Sei sulla pagina 1di 3


49 - 2004

Potential New Ornamental Plants from China


Donglin Zhang1 and Michael A. Dirr2 Department of Plant, Soil and Environmental Sciences, University of Maine, Orono, ME 04469-5722 2 Department of Horticulture, University of Georgia, Athens, GA 30602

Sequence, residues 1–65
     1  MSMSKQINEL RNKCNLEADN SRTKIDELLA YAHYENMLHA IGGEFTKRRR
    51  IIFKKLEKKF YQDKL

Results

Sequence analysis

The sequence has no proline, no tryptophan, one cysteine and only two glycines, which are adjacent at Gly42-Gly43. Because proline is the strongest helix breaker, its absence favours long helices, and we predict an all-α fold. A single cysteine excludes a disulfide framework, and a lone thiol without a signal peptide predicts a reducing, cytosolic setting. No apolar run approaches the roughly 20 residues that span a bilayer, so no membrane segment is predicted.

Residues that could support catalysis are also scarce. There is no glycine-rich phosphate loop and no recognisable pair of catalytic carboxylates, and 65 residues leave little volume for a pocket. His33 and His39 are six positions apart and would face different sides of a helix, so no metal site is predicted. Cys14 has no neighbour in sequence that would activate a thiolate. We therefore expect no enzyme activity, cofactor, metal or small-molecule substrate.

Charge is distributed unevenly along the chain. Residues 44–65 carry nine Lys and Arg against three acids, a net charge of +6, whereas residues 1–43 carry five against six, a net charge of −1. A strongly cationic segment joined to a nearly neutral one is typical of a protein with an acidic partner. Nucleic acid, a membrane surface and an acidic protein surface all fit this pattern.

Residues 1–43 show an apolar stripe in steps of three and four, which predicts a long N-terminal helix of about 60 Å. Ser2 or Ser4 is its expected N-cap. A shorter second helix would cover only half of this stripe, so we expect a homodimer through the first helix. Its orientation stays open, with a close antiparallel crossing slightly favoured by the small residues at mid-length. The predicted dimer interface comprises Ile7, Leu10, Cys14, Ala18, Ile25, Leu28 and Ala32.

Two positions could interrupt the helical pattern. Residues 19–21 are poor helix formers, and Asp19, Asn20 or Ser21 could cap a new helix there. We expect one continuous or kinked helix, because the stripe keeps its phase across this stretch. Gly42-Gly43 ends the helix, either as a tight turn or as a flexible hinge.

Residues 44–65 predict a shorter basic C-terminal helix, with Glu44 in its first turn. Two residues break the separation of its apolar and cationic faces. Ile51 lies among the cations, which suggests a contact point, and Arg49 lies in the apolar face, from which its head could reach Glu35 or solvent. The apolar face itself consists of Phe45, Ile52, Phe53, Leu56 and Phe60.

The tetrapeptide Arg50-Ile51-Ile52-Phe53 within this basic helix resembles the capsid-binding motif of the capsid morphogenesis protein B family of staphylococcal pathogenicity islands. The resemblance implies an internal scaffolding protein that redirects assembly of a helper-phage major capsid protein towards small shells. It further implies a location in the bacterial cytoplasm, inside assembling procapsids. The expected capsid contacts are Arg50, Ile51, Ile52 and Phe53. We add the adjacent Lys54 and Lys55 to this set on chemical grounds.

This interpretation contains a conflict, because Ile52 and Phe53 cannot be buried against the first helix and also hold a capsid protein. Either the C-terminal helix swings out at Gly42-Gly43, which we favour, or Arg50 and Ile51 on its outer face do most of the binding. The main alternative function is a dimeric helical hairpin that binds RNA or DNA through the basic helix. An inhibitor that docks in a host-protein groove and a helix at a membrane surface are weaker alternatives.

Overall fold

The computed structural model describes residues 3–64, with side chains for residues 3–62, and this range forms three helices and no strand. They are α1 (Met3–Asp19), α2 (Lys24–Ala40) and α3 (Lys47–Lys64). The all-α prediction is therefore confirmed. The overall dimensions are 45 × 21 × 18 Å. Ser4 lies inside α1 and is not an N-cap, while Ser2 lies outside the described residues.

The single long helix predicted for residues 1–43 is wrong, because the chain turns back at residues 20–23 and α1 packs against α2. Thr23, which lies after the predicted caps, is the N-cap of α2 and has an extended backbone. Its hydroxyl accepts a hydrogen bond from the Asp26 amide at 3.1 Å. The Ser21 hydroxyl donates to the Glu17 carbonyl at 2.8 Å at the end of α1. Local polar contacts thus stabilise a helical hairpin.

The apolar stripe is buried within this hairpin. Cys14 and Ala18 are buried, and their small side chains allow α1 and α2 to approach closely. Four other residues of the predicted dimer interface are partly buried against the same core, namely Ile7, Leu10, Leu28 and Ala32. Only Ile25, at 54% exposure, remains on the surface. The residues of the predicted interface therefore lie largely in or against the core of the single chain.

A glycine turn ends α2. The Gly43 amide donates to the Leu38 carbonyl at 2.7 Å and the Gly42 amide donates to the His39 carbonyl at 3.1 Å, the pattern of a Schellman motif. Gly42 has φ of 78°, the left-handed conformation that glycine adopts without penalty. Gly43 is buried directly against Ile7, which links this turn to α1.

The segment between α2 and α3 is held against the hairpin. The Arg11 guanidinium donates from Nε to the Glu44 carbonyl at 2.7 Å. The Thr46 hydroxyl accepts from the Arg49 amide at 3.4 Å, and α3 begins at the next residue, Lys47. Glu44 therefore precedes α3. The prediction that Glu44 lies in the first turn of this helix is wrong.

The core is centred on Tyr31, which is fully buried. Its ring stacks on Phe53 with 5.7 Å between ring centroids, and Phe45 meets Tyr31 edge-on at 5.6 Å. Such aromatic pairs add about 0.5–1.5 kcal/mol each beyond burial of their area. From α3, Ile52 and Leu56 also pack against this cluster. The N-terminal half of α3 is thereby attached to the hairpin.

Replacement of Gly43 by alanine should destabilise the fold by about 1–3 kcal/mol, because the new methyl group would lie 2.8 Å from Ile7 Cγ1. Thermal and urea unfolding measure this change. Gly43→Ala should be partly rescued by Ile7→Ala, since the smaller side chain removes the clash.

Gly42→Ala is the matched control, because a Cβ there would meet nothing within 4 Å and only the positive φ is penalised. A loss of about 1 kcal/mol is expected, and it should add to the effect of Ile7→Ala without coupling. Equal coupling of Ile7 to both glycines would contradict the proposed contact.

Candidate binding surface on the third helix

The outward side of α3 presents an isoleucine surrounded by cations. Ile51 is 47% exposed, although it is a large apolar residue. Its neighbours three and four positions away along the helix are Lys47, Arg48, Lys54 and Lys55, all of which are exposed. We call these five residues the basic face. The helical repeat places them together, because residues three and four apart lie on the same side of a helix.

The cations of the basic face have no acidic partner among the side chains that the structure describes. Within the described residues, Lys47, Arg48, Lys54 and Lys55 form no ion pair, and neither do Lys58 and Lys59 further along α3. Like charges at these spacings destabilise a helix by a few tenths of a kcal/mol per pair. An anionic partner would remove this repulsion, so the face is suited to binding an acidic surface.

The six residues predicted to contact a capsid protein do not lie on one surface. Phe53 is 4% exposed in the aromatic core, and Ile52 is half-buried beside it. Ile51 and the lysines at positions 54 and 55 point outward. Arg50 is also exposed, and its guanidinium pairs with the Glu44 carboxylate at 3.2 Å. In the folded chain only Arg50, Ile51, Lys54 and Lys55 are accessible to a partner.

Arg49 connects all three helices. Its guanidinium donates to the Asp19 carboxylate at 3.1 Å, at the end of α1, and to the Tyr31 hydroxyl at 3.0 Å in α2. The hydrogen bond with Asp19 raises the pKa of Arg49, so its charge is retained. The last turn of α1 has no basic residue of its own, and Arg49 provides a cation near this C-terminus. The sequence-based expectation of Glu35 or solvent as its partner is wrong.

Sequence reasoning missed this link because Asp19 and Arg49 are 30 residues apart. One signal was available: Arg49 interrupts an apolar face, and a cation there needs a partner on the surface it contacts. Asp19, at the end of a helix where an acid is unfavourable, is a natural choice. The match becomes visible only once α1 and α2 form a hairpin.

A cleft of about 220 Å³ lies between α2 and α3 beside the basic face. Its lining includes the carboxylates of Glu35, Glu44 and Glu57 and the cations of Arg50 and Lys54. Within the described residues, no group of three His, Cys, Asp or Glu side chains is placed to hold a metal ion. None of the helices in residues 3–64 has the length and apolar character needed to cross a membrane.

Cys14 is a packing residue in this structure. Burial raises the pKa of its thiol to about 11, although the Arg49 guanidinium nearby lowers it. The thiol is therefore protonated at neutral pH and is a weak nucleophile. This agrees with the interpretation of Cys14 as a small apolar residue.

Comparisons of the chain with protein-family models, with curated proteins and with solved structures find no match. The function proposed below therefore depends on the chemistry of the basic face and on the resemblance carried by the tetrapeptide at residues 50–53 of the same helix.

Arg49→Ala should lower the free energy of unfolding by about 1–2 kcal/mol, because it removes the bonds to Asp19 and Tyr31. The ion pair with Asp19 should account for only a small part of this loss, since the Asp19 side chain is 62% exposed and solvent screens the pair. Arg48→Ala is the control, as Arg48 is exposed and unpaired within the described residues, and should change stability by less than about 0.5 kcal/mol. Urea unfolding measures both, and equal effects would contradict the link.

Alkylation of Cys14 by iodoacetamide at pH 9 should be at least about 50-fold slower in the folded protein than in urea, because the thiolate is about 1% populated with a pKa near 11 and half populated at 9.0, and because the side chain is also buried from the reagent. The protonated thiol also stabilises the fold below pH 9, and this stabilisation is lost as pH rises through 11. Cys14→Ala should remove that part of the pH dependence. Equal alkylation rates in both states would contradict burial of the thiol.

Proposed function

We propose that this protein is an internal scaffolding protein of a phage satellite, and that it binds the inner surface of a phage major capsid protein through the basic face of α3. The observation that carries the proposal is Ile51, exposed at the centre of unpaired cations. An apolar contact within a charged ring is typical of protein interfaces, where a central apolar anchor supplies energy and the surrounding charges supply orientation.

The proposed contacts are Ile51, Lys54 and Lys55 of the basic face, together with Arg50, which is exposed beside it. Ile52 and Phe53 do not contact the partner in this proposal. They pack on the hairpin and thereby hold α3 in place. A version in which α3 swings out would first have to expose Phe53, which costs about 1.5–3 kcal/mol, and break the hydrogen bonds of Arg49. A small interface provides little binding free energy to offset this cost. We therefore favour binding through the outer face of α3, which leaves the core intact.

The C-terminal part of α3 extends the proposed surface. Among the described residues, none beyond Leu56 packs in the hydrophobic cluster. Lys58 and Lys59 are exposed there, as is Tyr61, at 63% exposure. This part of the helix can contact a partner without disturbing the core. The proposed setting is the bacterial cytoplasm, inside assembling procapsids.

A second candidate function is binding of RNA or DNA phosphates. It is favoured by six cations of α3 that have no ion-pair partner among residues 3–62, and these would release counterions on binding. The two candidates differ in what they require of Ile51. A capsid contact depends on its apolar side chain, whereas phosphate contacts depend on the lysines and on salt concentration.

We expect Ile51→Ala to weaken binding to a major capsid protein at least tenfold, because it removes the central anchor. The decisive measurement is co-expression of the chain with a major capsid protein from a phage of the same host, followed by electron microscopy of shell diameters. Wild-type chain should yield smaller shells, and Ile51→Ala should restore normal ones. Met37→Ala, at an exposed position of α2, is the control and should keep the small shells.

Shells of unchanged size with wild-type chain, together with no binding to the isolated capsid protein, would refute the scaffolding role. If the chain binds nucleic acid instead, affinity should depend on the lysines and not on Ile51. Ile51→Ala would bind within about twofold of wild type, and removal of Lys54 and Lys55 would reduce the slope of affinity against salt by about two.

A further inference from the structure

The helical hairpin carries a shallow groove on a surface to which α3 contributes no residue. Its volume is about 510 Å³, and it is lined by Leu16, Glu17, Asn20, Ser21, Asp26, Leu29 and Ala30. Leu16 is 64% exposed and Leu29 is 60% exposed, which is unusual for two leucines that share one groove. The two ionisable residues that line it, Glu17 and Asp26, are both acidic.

Index Words: China, garden, ornamental, plant Signicance to the Industry: New ornamental plants are the new blood for our nursery industry. For introduction of new ornamental plants, especially with the pressure of the invasive plant issue, we should select the best ones for our markets. Hopefully the industry will benet from our new introductions and increase its market share with new plants from China. Nature of Work: It is safe to say that there is no garden in this country or in Europe that is without its Chinese representatives and these rank among the nest of tree, shrub and vine. said E. H. Chinese Wilson (4). Obviously, the interest in and demand for good Chinese garden plants are high in this country. With this idea in our minds, the authors visited China ve times with focus on ornamental plants for the past three years. Although the ornamental horticultural industry is just beginning in China, the potential resources of ornamental plants are great. The trips included 12 Botanical Gardens, 10 Ornamental Research Institutions and Universities and eight remote mountainous areas. The plant materials with ornamental potential (3, 4, 5, 6) were too much to mention in this paper and the following plants are some examples for your reference. These plants were selected by comparing their ornamental features and landscape performance with their closely related ornamental plants in US landscape (2). Inputs from plant lovers are greatly appreciated. All photos are posted on Results and Discussion: 1. Wild Collections (natural plant resource with great ornamental potentials) Illicium angustisepalum (I. jiadifengpi) is an evergreen shrub, which distributes on from 600-2000 meters (2000-6000 feet) above sea level. For its dark green foliage and dense branches. Maybe hardy to USDA Zone (5)6. Pentaphylax euryoidesis is an evergreen shrub or small tree, distributed from 600-1600 meters (2000-5000 feet). For its colorful new growth. Maybe hardy to Zone 6. Podocarpus nerrifolius is a close relative of P. macrophyllus. However, its leaves are twice as broader and longer than P. macrophyllus. It is a small evergreen tree and maybe hardy to Zone 7. 2. Selections from Wild and Cultivated Population Acer fabri Emerald Jade is a new selection from a trial garden. It is a evergreen Plant Breeding & Evaluation Section 607